Two Catholic priests and three Orthodox Jewish congregants have filed a lawsuit against New York governor Andrew Cuomo and New York City mayor Bill de Blasio in federal court, alleging that the state’s response to the coronavirus pandemic violated the constitutional rights of religious New Yorkers.
Catholic priests Steven Soos and Nicholas Stamos, from upstate New York, and Orthodox Jewish congregants Elchanan Perr, Daniel Schonborn, and Mayer Mayerfeld, from Brooklyn, filed the suit alleging civil-rights violations in the Northern District of New York. In addition to Cuomo and de Blasio, it also names state attorney general Letitia James as a defendant.
The lawsuit claims that the governor, mayor, and attorney general violated the First Amendment and due-process rights of the plaintiffs by selectively enforcing pandemic-control measures. Even as mass protests were allowed to take place across the state, people of faith were targeted with threats of criminal prosecution and $1000 fines for violating the restrictions on group gatherings, the suit alleges.
As stringent restrictions on religious services remain in place until the coronavirus pandemic is brought under control, protests have taken place on a large scale across the state and the nation in response to the death of George Floyd. In New York City, groups much larger than ten people — the limit de Blasio set for non-essential gatherings — have not been broken up by law enforcement, the suit notes. Days later, a group of Hasidic Jewish children was kicked out of a park in Williamsburg by a police officer for not abiding by the ten-person limit.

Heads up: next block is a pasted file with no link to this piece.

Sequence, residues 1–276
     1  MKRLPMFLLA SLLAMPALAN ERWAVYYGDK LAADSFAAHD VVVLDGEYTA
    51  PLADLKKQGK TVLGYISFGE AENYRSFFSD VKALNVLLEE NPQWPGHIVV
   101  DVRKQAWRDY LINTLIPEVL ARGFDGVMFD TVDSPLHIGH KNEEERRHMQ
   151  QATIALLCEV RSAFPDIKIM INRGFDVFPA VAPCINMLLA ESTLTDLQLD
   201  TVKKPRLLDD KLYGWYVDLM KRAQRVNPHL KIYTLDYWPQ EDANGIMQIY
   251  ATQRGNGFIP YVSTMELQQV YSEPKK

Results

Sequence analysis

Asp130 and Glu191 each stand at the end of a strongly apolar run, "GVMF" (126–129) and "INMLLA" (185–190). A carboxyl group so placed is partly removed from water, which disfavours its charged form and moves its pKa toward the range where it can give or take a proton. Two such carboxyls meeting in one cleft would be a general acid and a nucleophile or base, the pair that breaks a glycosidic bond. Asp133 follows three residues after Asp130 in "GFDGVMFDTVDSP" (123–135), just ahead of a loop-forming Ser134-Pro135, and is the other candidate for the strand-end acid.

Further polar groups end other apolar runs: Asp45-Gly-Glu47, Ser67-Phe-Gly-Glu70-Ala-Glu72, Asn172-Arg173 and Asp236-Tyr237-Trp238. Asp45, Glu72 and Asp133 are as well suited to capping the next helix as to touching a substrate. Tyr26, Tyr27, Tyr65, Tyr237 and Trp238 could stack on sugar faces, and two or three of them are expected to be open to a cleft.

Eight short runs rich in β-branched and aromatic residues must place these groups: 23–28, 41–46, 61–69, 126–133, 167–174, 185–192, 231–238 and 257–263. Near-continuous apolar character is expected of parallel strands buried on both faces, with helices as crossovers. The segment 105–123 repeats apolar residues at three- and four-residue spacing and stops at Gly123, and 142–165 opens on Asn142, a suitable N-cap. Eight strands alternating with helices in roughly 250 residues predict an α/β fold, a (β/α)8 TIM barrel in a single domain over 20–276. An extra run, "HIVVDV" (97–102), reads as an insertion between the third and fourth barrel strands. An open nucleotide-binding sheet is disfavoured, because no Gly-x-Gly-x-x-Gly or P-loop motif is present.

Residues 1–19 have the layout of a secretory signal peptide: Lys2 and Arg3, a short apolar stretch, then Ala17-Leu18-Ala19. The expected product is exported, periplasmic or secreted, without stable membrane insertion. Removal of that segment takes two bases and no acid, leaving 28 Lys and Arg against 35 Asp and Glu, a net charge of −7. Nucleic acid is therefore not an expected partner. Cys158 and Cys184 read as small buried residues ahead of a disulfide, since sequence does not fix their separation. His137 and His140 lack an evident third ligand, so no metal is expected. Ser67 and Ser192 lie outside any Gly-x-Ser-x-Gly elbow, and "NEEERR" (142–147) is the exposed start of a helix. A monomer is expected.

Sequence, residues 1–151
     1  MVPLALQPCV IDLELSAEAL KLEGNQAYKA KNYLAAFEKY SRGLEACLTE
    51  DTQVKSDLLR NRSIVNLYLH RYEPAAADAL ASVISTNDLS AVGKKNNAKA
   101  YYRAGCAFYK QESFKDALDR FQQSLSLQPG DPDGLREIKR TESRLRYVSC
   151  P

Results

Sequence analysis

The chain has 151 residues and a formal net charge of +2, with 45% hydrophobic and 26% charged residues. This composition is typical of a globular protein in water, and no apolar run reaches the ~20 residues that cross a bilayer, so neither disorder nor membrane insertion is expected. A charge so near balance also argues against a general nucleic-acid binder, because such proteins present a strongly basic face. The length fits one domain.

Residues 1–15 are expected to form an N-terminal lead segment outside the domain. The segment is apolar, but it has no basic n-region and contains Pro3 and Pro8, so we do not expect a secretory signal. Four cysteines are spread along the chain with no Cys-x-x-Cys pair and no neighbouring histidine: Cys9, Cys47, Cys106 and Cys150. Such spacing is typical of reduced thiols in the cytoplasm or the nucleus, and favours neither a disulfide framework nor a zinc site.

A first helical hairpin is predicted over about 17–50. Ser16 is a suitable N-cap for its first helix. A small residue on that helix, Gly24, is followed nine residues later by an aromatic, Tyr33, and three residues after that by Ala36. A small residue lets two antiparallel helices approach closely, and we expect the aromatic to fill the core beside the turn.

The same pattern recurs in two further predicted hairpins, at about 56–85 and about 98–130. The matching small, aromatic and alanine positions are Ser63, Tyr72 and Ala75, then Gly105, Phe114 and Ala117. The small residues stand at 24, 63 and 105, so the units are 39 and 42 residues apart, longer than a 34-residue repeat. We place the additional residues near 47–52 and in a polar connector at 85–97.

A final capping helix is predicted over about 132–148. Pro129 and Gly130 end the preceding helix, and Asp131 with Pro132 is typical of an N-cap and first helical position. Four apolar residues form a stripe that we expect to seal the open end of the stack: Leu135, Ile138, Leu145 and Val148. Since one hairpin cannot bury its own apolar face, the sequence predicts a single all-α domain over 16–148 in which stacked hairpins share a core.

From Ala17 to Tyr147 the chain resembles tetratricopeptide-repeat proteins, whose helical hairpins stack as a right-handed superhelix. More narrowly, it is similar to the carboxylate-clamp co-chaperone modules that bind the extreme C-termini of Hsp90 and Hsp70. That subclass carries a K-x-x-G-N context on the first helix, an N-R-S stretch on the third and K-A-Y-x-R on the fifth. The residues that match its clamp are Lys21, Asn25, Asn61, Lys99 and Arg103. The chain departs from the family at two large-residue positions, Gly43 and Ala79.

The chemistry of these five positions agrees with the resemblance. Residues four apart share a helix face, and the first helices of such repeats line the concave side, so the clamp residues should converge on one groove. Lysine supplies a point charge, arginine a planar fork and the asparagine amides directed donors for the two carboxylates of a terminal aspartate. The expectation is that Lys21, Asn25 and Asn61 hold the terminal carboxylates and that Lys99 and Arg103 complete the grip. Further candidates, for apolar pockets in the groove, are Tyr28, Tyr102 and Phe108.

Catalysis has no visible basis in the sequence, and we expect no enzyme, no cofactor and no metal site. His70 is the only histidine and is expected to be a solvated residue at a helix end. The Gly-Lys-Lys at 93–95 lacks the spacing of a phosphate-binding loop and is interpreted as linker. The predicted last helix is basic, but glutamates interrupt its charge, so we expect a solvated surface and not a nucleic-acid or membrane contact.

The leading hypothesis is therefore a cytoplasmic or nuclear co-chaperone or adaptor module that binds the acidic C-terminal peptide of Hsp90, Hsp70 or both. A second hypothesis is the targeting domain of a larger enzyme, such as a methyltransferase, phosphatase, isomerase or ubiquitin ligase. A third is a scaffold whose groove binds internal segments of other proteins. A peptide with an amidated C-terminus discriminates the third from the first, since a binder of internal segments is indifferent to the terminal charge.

An attorney for the plaintiffs, Thomas More Society special counsel Christopher Ferrara, argued in a statement that both New York’s emergency stay-at-home order and its reopening plan “clearly discriminate against houses of worship.”
“The COVID-19 related orders purport to be facially neutral, yet fail to prohibit secular activity that endangers the state interest in ‘public health’ equally or to a greater degree than the prohibited religious conduct,” Ferrara tells National Review. “Why is a large worship gathering deemed more dangerous than a mass protest, full of shouting, arm-waving people in close proximity to one another?”
“It is time to end New York’s experiment in absolute monarchy,” Ferrara added. “We are asking the court to put an end to these unconstitutional executive orders and their prejudicial enforcement.”